At a glance.
- Distance learning and privacy risks.
- Data breach fines.
- Crown Prosecution Service criticized for leaks.
- The progress of Canadian data protection laws.
- Major Indian medical lab exposes data in an unprotected AWS S3 bucket.
School data privacy tested by distance learning.
As the pandemic forces many schools to close their doors, the resulting reliance on distance learning technology can leave students vulnerable to privacy threats, particularly when it comes to social media, reports Education Dive. While social media platforms like Facebook and TikTok are an easy way for educators to communicate with students virtually, these platforms collect user data, which the Children’s Online Privacy Protection Act has deemed illegal for children under thirteen. According to a recent study from the Center for Democracy and Technology, over 60% of parents are concerned about school data privacy, while only 4% feel their school has sufficiently explained their data security efforts.
Two US data breaches lead to large fines.
Two major US companies face large fines as a result of recent data breaches. Compliance Week reports investment bank Morgan Stanley is being fined $60 million by the US Office of the Comptroller of the Currency for a 2016 data breach, which was the result of Morgan Stanley’s mishandling of customer data stored on decommissioned computers. The bank is also dealing with a class-action lawsuit as a result of the breach. Meanwhile, EIN Newsdesk reports that Community Health Systems, Inc., a Tennessee-based hospital operator, will be paying $5 million to more than two dozen impacted states for a 2014 breach that compromised the data of over 6 million patients.
UK's CPS criticized for data leaks.
Infosecurity Magazine reports the Crown Prosecution Service (CPS), the UK’s principal public agency for criminal prosecutions, experienced over 1600 data breaches during the 2019-2020 fiscal year, an 18% increase over last year, with most of the breaches being the result of accidental disclosure due to human error. CPS has a history of mishandling private data; most notably, in 2015 and 2018 the agency was fined for misplacing confidential police interview recordings. As the agency handles confidential data related to criminal cases, these leaks put the safety of witnesses and victims at risk.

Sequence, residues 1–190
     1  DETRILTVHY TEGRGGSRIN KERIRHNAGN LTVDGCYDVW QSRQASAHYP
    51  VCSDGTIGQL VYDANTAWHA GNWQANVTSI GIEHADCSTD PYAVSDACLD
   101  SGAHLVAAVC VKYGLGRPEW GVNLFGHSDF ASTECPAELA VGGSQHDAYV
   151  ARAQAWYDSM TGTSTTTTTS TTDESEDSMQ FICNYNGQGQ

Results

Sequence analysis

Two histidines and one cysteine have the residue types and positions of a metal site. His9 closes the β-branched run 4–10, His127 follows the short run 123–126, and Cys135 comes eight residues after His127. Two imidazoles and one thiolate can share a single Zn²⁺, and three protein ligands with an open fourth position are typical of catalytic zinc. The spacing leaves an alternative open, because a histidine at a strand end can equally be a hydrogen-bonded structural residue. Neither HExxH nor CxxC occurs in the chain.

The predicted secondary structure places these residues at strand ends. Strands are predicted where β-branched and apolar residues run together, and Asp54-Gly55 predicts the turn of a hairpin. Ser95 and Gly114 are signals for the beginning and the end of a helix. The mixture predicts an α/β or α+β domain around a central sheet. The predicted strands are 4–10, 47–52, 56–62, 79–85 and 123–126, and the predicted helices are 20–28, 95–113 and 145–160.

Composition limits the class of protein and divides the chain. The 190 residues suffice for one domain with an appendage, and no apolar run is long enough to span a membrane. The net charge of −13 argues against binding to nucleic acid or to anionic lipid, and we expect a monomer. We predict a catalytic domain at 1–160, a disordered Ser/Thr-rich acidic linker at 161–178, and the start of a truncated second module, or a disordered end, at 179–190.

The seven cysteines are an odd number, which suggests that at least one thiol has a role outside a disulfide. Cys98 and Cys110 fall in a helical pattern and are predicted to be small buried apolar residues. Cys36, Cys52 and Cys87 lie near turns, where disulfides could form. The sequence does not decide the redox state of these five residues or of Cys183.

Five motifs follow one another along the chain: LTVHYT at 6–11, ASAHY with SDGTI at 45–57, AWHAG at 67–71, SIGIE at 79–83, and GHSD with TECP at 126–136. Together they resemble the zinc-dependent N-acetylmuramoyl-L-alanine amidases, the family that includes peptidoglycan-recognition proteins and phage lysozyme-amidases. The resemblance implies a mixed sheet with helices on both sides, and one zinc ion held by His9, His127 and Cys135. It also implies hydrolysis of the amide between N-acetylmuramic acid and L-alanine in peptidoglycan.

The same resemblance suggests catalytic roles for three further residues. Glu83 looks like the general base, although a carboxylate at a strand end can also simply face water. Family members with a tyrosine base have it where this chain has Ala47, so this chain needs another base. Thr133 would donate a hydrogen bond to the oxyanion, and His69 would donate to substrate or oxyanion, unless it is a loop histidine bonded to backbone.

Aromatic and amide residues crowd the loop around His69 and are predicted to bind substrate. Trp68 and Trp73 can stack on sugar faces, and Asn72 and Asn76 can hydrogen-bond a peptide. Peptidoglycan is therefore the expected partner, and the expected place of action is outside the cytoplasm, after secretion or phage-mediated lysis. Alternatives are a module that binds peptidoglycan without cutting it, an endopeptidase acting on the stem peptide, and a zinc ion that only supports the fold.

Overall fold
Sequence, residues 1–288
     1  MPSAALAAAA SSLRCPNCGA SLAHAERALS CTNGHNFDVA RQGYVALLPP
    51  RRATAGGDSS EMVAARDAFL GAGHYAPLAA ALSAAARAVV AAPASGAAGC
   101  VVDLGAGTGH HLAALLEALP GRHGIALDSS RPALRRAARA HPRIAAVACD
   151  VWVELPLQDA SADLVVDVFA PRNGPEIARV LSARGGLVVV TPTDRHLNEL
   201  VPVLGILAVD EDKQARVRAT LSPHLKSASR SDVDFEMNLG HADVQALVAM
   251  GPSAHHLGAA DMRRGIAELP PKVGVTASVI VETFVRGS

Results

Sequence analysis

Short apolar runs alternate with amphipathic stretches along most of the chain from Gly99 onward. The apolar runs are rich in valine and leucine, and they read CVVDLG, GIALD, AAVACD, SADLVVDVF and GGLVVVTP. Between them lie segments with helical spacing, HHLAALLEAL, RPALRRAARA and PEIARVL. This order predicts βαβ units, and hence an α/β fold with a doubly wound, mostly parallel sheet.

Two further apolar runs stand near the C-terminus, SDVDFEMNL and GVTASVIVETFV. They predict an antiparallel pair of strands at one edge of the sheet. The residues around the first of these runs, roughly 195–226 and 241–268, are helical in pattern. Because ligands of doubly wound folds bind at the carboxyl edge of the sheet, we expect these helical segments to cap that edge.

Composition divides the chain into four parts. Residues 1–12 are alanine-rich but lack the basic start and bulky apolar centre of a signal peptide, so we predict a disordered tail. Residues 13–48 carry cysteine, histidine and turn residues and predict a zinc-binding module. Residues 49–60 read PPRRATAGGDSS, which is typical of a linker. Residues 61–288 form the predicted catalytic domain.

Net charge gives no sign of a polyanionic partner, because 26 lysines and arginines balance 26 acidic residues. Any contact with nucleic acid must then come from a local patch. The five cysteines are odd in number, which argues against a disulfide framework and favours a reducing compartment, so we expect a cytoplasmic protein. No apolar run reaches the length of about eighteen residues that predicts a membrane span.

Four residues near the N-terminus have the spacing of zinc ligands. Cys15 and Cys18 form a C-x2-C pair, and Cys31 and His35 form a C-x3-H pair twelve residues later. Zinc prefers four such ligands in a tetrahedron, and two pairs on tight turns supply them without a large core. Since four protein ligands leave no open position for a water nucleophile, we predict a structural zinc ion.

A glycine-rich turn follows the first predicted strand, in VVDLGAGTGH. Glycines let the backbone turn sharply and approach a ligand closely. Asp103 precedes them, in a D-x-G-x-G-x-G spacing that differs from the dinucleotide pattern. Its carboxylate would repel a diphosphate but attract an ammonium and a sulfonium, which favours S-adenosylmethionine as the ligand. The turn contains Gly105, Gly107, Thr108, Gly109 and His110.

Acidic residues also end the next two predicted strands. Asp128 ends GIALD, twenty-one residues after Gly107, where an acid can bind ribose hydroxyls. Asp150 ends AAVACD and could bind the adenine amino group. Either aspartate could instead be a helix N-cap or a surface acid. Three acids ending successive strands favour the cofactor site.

Canada's slow progress on data protection legislation.
Canadian Privacy Commissioner Daniel Therrien is concerned the country has “clearly fallen behind other jurisdictions in the world” when it comes to cybersecurity, reports IT World Canada. In May 2019, efforts to correct the government’s privacy issues resulted in the development of a Digital Charter outlining privacy legislation, but progress on implementing that legislation has been slow. A recent research paper reports that 90% of Canadians are concerned about the privacy of their data but only 55% feel the government is protecting it. Adding to the pressure, the European Privacy Commissioner is currently conducting a review of Canada’s privacy practices to determine the future of European-Canadian business relations.
Major data exposure in Indian medical lab.
Dr Lal PathLabs, TechCrunch reports, left "hundreds of large spreadsheets packed with sensitive patient data" in an AWS bucket, unsecured without so much as a password, exposed to the Internet. The company has now secured the data; it's unknown how long the information was exposed.
We heard from two security companies about the incident. Both draw lessons for cloud users. Chris Hauk, consumer privacy champion at Pixel Privacy, wrote:
"It's hard to fathom that a firm would leave unprotected data available on the web, especially in today's atmosphere of heightened security. But, it has happened again. While kudos are deserved for the company quickly securing the data once a security researcher tipped them off, the data should never have been left in an unsecured form. Hopefully Dr. Lal PathLabs' 'investigation' will result in the responsible parties being disciplined, which is apparently what it will take for those responsible for data security to begin taking steps to ensure their customers' data is protected from prying eyes.”
Warren Poschman, senior solutions architect at comforte AG, commented:
“It is clear that those who choose to use cloud-based databases must perform necessary due diligence to configure and secure every corner of the system properly. Sadly, with the recent wave of AWS, ElasticSearch, MongoDB, Big Data, and other Open Source breaches, it does look like security is not being taken seriously enough. Healthcare institutions are seen as softer targets as not only are these systems just as rich with data as the traditional targets but security often lags due to the focus on, in the case of healthcare, patient care over IT. Clearly, the Dr. Lal PathLabs have an enormous treasure of sensitive data, so besides improving their perimeter defense, they should explore a data-centric security approach. That way, they could pro-actively protect their data against breaches instead of playing constant catch up in terms of addressing the many different root causes that can lead to cyber incidents.”